30 September 2009

Thyraphobia, or Purity of Heart is to Fear One Supposedly Fun Thing I'll Never Not Do Again (Pt. 10)

(cont'd from previous post)

Maybe that last statement was a little extreme. If I ever managed to conquer my fear of jumping out of an airplane—which b/t/w I have absolutely no inclination to do—, I would no longer be ashamed of myself. I would have something to be proud of. Fine: eliminate the emotional stimulus (i.e., the terror) by conquering it and, thus, eliminate the shame and self-loathing. But that is not what happened. Denial gets me nowhere, though it does throw up a certain challenge. And, as indicated by the David Foster Wallacean subtitle to this series of posts, I intend never to not jump again.

Still, it lingers.

By not going through the door of that perfectly functional airplane at a height of 14,000ft., I got to know some of my limitations (thanks again Jeff and Harry), one of which is this basic flaw in my make-up: a paralyzing terror of precarious heights. I felt ashamed of this fault in my nature. I was angry at myself and I hated this feeling of humiliation.

So that was my situation, and such is my condition.

There are, I suppose, any number of possible models for dealing with such stark negative emotions that are inescapable in the human condition:
  • I can internalize the self-loathing and become depressed and despair at this human-all-too-human infliction (Kierkegaard's profound analysis of modernity in The Sickness Unto Death);
  • I can somehow get rid of myself, or at least the particular aspect of myself that caused all these bad feelings  (i.e., somewhere on a scale from suicide (a time-honored response to shame and loss of face) to fundamental change a la conversion (the Christian response) or analysis (the Freudian));
  • I can become recklessly adventurous and engage in self-destructive behaviors (a subset of the previous option) (again, time honored);
  • I can get up the gumption to try to skydive again, determined to actually succeed this time—maybe this time using Xanax or some other pharmaceutical/technological therapeutic fix to get me through it (ditto);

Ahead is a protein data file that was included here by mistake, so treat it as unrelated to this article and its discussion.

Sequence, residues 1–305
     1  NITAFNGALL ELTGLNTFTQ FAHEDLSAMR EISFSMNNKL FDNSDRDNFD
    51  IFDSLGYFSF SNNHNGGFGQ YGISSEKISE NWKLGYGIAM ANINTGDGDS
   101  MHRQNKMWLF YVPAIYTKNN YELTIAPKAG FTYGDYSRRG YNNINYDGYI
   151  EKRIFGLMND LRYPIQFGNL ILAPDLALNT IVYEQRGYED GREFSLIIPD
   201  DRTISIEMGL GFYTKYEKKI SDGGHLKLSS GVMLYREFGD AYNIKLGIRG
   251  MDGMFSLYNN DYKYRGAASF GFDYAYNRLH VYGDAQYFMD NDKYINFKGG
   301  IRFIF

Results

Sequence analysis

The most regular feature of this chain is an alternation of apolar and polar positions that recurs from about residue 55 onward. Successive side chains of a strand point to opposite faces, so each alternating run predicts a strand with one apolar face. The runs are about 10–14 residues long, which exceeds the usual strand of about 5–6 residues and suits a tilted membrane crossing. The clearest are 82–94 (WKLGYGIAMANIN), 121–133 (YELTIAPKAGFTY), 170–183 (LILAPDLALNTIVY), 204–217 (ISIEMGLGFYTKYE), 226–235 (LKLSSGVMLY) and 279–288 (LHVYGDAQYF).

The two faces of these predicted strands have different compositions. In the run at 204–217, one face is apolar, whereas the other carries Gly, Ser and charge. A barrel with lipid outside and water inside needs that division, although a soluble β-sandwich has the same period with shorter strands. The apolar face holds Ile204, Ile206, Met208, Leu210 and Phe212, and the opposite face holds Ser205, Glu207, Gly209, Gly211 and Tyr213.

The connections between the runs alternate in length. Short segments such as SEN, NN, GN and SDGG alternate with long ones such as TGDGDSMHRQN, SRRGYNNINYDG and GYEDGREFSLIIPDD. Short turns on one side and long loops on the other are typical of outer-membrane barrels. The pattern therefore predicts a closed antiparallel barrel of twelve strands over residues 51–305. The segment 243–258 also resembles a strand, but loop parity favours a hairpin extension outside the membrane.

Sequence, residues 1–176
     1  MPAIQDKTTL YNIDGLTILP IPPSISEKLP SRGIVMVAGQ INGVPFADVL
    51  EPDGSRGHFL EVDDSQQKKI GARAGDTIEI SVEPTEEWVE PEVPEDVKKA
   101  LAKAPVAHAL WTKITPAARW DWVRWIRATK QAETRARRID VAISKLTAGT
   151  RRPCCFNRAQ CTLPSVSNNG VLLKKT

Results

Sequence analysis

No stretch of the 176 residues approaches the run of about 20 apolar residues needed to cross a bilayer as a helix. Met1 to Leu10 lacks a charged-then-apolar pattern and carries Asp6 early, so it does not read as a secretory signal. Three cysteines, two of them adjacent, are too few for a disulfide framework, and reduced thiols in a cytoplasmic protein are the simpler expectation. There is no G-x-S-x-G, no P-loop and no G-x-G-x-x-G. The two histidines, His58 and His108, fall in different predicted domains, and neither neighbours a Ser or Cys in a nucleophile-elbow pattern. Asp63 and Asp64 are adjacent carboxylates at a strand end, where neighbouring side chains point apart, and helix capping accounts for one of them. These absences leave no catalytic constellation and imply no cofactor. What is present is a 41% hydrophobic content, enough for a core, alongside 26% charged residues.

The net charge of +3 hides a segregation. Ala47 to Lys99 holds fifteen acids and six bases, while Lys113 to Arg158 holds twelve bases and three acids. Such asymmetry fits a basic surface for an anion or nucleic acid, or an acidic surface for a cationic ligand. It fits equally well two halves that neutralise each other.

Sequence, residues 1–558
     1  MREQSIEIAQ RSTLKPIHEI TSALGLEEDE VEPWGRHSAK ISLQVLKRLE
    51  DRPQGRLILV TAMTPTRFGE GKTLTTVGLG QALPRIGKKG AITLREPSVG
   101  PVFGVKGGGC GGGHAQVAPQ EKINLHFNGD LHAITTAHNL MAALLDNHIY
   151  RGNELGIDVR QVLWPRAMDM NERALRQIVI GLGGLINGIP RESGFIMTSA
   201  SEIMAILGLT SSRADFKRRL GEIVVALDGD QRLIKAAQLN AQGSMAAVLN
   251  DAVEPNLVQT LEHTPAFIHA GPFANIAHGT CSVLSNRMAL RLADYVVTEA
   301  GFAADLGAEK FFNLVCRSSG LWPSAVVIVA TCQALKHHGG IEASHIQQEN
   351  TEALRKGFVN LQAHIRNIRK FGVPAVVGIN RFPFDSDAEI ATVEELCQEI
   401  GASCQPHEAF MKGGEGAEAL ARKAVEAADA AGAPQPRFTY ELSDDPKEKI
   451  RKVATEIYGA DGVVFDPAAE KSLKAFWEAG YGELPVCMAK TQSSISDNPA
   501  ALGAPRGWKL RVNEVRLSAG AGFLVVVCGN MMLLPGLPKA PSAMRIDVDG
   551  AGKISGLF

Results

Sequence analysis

• I can try to forget about it or deny its significance (until, if Freud is to be believed, this repressed reasserts itself in another, inconvenient context);
  • I can try to hide the fact of my own weakness and ridicule or attack others in whom I recognize a similar fallibility or whom I perceive to be even weaker, becoming misanthropic;
  • I can accept my limitations for what they are (the stoic, Jeffian/Callahan view) and try to draw life lessons from them (i.e., be philosophic) and perhaps even make art out them (the fiction writer's response);
  • I can just go on (Beckett's solution).
  • I can forgive myself (similar to, but distinct from, the two options above and, IMHO, much more difficult);
  • Or some combination of any or all of the above.
The bottom line: the negative emotions terror, shame, hate, and anger together produce a complex, potentially toxic stew that must be handled with care and, perhaps, some degree of wisdom.

(to be continued)

23 September 2009

Thyraphobia, or Purity of Heart is to Fear One Supposedly Fun Thing I'll Never Not Do Again (Pt. 9)

(cont'd from previous post)

Let me elaborate on that last statement a bit. I ended the last post by saying: "And as bad a feeling as terror is, shame is even worse." Why is that?

Fear, generally, is an emotional response to something external—often something in nature. When proportional to the stimulus, or cautionary, it is understandable. It is situational. Concrete. It can be explained evolutionarily, instinctually. It is part of our animal nature as human beings.

My own experience was more profound, even neurotic. What I experienced was more powerful than my conscious, rational mind. It overcame, overwhelmed me. It paralyzed me. I had no control over it. I couldn't conquer it. It was such a bad feeling I knew I never wanted to experience it again. Yet, paradoxically, this did not provide me sufficient motivation to overcome it and simply push through the door.

There's nothing controversial there. Warriors know this and seek to induce terror in their enemies: if you cause your adversary to panic and flee the field of battle, you prevail.

But, again, however exaggerated, my own feeling of terror was a fear of something: I was terrified of falling from a great height—parachute and parachute-buddy or no.

The subsequent embarrassment I felt is a different story altogether. Where fear is outward directed, shame is self-directed. Shame is a more general emotion. Its dynamic includes such feelings as self-loathing, image-consciousness, disgust at one's vulnerabilities, perhaps even grief over one's limitations.